Linux - NewbieThis Linux forum is for members that are new to Linux.
Just starting out and have a question?
If it is not in the man pages or the how-to's this is the place!
Welcome to LinuxQuestions.org, a friendly and active Linux Community.
You are currently viewing LQ as a guest. By joining our community you will have the ability to post topics, receive our newsletter, use the advanced search, subscribe to threads and access many other special features. Registration is quick, simple and absolutely free. Join our community today!
Note that registered members see fewer ads, and ContentLink is completely disabled once you log in.
If you have any problems with the registration process or your account login, please contact us. If you need to reset your password, click here.
Having a problem logging in? Please visit this page to clear all LQ-related cookies.
Introduction to Linux - A Hands on Guide
This guide was created as an overview of the Linux Operating System, geared toward new users as an exploration tour and getting started guide, with exercises at the end of each chapter.
For more advanced trainees it can be a desktop reference, and a collection of the base knowledge needed to proceed with system and network administration. This book contains many real life examples derived from the author's experience as a Linux system and network administrator, trainer and consultant. They hope these examples will help you to get a better understanding of the Linux system and that you feel encouraged to try out things on your own.
Click Here to receive this Complete Guide absolutely free.
I admit I am a complete newbie on Linux. Build my own Windows machines, so not a newbie for Windows and hardware.
Recently built my own Linux box to be used as a file server at home. Linux Debian 8, using RAID card with a pair of 3TB HDD in RAID 1 mirror. Can add HDD as needed in future, up to 10 HDD, so happy with box and basic Linux install. Have successfully had Windows laptop backed up to server using CrashPlan. May change backup config later.
What I am asking for is probably on this forum, but I may not be using the correct search terms. I need a tutorial (very basic) on how to connect my Windows machine to my Linux server. I have done it with command line, but would like to do it with GUI and full server screen on my Windows client. Right now I am connecting keyboard, mouse, and monitor to my Linux server to do anything on it. I would prefer to connect to my Linux server using my Windows machine (desktop and/or laptop) so I can make my Linux machine truly headless. I would like to set it up so that whatever is needed on the Linux side automatically boots at startup, so all I need to do is type in user/pass to access from my Windows client any time. After that, more advanced, I'd like to have remote access securely over any web connection, but priority is to get that over my home network to make the server headless. I know this is a complete noob basic question, but I am having difficulty connecting.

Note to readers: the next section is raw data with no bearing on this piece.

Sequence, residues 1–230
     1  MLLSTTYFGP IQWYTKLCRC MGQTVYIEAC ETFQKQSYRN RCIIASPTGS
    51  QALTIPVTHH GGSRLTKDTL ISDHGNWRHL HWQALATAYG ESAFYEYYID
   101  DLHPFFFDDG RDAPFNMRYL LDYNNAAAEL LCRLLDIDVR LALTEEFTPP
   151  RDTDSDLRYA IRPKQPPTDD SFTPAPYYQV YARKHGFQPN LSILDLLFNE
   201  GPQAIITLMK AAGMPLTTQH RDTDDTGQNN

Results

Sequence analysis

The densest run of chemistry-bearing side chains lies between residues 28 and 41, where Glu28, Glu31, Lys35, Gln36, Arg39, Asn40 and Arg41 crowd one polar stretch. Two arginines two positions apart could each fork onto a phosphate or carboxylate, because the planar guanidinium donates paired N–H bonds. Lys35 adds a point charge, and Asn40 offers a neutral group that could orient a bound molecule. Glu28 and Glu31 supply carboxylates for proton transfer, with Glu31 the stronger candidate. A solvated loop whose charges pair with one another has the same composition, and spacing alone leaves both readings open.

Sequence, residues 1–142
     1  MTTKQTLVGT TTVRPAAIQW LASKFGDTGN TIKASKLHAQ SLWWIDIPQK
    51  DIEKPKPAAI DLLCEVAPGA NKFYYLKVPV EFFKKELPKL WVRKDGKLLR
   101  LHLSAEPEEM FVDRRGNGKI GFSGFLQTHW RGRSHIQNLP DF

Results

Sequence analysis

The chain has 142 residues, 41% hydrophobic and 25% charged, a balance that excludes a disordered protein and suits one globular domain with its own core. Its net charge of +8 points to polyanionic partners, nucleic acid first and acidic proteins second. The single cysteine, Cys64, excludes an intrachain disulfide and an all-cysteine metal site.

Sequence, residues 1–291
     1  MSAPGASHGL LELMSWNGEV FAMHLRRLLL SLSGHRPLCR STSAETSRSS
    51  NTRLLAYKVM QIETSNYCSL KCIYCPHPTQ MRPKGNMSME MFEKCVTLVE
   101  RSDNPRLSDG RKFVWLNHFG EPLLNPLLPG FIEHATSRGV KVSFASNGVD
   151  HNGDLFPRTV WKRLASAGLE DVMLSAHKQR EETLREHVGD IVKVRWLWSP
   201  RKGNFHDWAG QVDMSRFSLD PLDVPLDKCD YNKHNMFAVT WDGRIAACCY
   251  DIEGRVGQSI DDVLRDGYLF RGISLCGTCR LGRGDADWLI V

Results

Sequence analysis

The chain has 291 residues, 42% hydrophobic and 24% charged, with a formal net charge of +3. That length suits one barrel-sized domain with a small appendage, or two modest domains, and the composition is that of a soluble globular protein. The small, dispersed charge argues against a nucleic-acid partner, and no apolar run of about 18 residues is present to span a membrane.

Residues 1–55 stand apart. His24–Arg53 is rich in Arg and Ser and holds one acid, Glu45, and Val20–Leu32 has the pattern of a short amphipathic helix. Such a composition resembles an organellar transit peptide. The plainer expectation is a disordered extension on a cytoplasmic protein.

Online things I have found so far are using RedHat or other distro that does not match what I have with Debian. Have perused "Linux Server Step-by-Step Configuration Guide" by Don Crawley, but that mostly uses CentOS. Also have "Using Samba" published by O'Reilly, but just started reading it.
With time, I am sure I will learn this and learn it well, but I am experiencing a steep learning curve at the moment.
Tutorial here or elsewhere with BASIC steps for noob to make Debian headless with Windows access? What search terms do I need?
I believe what you want is VNC "virtual network computing". It displays an X11 windows environment running on your Linux server on any computer that runs a VNC client, also known as VNC viewer. There are other protocols for this; I believe VNC is the most popular one (and the only one I know).
At home I use tightvnc server. Displays nicely on the Real VNC viewer on Windows.
If the Debian server to which you want to connect is going to be truly headless, and isn't going to be running and graphical applications, then you don't really need to be running X11 at all (so there wouldn't be anything for VNC to connect to).
What it sounds like you're after is SSH.
On the server, open a command line and run this:
sudo apt-get install ssh
This will install both the SSH server and client, so you will be able to log in remotely.
There are many tutorials around on making your SSH more secure (using keys instead of passwords, etc), but this will get you up and running.
Of course, that is only the server side of things. You will need to connect TO your server from something... PuTTY is a very common and highly recommended SSH client for Windows users.
With these two, you will be able to use your server's command line from the comfort of your Windows machine.